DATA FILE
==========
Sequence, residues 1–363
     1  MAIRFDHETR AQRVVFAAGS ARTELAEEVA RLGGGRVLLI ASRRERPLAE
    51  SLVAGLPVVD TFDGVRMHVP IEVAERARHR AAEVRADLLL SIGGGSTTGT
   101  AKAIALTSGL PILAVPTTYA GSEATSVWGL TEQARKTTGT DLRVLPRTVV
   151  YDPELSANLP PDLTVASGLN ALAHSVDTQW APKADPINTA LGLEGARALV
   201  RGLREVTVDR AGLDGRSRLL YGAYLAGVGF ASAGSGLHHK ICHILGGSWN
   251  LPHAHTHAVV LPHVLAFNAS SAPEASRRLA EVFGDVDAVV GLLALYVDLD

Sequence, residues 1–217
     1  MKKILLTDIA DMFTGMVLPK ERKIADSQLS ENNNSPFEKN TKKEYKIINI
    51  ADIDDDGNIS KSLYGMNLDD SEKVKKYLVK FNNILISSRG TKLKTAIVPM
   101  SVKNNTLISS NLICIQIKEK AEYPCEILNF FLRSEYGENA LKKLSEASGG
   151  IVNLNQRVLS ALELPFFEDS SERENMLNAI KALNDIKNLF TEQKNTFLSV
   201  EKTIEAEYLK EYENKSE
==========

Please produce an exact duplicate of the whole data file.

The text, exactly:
Sequence, residues 1–363
     1  MAIRFDHETR AQRVVFAAGS ARTELAEEVA RLGGGRVLLI ASRRERPLAE
    51  SLVAGLPVVD TFDGVRMHVP IEVAERARHR AAEVRADLLL SIGGGSTTGT
   101  AKAIALTSGL PILAVPTTYA GSEATSVWGL TEQARKTTGT DLRVLPRTVV
   151  YDPELSANLP PDLTVASGLN ALAHSVDTQW APKADPINTA LGLEGARALV
   201  RGLREVTVDR AGLDGRSRLL YGAYLAGVGF ASAGSGLHHK ICHILGGSWN
   251  LPHAHTHAVV LPHVLAFNAS SAPEASRRLA EVFGDVDAVV GLLALYVDLD

Sequence, residues 1–217
     1  MKKILLTDIA DMFTGMVLPK ERKIADSQLS ENNNSPFEKN TKKEYKIINI
    51  ADIDDDGNIS KSLYGMNLDD SEKVKKYLVK FNNILISSRG TKLKTAIVPM
   101  SVKNNTLISS NLICIQIKEK AEYPCEILNF FLRSEYGENA LKKLSEASGG
   151  IVNLNQRVLS ALELPFFEDS SERENMLNAI KALNDIKNLF TEQKNTFLSV
   201  EKTIEAEYLK EYENKSE